Deborah Kass is a contemporary American artist. With a practice spanning across media and disciplines, Kass’ work is notable for her pointed feminist critique. Through her use of appropriation, she often mimics the work and styles of male artists to comment on and rewrite the patriarchal narrative of art history. Often working in series, Kass forms a poignant and didactic political commentary while retaining a sense of self-reference with her autobiographical paintings, lyrics, and prose.
“It was very clear to me that there was something new from a formalist point of view: a new, female subjectivity,” she has said of the 1970s art world. “It’s quite stunning to think about all the women who were painting in New York and all the men they’ve influenced. When you say Julian Schnabel, I think Joan Snyder. Ross Bleckner, I say Pat Steir. In Carroll Dunham, I see Elizabeth Murray.”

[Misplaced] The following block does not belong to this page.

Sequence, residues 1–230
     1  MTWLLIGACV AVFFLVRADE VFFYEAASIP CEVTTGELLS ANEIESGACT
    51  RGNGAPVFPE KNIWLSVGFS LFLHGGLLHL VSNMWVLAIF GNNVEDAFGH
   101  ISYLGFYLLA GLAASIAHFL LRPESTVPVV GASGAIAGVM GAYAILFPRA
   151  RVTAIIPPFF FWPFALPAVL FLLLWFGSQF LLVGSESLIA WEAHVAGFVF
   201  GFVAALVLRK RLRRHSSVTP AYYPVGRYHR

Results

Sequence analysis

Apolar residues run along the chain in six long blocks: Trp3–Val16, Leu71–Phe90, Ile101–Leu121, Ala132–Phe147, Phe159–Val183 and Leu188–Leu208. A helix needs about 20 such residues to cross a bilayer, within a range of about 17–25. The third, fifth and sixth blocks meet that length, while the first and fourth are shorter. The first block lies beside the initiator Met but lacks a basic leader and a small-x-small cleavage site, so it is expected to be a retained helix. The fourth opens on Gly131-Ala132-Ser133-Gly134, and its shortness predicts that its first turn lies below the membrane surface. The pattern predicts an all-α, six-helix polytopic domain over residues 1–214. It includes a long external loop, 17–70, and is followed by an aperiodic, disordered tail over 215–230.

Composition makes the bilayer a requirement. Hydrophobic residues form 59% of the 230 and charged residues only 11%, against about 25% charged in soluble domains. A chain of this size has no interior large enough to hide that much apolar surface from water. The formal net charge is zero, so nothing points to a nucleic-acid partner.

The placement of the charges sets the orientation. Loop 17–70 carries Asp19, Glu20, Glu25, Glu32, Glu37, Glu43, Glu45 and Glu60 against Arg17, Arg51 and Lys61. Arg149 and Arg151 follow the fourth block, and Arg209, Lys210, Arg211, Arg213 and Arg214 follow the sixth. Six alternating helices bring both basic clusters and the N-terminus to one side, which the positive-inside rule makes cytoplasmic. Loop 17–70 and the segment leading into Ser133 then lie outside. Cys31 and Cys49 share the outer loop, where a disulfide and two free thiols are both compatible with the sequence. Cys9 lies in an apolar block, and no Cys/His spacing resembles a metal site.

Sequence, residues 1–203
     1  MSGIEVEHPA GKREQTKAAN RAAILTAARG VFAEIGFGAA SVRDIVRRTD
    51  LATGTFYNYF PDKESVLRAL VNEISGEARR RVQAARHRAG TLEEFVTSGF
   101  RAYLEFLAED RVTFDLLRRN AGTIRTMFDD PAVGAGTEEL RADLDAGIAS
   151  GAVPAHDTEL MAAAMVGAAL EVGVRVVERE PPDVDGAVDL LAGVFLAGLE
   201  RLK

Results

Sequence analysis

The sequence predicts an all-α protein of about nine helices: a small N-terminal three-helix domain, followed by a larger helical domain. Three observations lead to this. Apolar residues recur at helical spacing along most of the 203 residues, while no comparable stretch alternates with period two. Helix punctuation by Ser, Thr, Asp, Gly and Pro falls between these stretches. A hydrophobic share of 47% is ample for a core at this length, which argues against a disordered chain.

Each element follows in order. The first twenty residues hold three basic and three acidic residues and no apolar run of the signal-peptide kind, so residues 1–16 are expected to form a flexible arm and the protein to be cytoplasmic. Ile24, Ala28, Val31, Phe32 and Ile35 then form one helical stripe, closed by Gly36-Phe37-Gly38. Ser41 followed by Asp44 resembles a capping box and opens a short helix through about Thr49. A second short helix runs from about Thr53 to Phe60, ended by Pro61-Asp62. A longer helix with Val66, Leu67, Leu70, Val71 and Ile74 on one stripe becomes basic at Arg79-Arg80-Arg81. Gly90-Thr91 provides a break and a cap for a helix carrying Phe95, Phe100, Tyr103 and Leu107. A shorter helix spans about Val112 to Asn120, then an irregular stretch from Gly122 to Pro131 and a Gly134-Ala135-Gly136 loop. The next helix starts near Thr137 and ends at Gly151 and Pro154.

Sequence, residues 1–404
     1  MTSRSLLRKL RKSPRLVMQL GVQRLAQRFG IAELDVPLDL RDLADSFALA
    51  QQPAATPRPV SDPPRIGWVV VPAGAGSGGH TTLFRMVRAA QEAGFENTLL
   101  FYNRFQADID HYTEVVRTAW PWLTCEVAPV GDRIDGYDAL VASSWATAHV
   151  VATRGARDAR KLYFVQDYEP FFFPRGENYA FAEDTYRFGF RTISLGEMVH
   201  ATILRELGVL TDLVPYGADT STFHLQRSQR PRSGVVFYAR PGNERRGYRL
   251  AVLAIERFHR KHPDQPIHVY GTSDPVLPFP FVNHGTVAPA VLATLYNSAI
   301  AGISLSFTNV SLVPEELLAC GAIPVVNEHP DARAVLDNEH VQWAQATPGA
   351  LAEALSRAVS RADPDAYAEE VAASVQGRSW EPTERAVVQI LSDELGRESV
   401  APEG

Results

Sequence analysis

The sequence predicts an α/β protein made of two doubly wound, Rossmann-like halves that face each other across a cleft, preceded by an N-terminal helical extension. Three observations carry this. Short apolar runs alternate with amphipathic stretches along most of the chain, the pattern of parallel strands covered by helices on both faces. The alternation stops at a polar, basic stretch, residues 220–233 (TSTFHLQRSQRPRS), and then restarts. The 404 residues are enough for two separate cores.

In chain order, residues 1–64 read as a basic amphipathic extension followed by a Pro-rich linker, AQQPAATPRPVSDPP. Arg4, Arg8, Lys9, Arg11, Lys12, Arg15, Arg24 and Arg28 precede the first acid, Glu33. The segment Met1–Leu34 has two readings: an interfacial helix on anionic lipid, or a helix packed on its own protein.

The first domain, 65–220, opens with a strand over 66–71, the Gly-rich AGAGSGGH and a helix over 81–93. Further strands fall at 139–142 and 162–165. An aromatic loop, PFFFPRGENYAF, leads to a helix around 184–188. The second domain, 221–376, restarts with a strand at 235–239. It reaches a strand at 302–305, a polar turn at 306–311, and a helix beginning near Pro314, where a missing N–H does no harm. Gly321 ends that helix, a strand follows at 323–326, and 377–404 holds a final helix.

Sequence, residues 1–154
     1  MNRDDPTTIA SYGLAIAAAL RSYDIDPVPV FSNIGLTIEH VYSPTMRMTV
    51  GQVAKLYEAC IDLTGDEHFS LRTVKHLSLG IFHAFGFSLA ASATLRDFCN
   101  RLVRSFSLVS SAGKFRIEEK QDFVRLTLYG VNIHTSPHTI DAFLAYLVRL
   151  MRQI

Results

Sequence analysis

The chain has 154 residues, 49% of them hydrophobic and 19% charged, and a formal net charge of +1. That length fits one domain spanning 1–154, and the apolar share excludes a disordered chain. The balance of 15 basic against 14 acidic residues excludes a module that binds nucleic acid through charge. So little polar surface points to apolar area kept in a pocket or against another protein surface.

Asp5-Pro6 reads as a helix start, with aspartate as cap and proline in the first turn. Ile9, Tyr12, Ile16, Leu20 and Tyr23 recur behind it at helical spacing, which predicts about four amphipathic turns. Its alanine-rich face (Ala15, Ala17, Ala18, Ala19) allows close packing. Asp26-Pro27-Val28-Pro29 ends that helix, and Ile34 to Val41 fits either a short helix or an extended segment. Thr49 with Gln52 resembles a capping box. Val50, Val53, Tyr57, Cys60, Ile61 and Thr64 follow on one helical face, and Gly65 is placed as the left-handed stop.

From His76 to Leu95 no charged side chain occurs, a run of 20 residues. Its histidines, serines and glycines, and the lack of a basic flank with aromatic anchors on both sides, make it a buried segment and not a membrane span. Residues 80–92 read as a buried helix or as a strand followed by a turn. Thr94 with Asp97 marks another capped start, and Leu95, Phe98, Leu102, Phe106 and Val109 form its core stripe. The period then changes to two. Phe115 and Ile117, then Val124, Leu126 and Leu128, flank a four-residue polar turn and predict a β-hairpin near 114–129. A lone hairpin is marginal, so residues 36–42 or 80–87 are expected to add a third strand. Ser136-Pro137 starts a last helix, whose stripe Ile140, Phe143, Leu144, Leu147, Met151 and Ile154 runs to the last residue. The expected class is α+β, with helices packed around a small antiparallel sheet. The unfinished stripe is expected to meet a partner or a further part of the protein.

Born in San Antonio, TX in 1952, she went on to receive her BFA from Carnegie Mellon University and study at both the Whitney Independent Study Program and the Art Students League in New York before rising to art world fame. Her honors include a mid-career retrospective at The Andy Warhol Museum in Pittsburgh, inclusion in multiple Venice Biennales, and the position of senior critic at the Yale University painting program.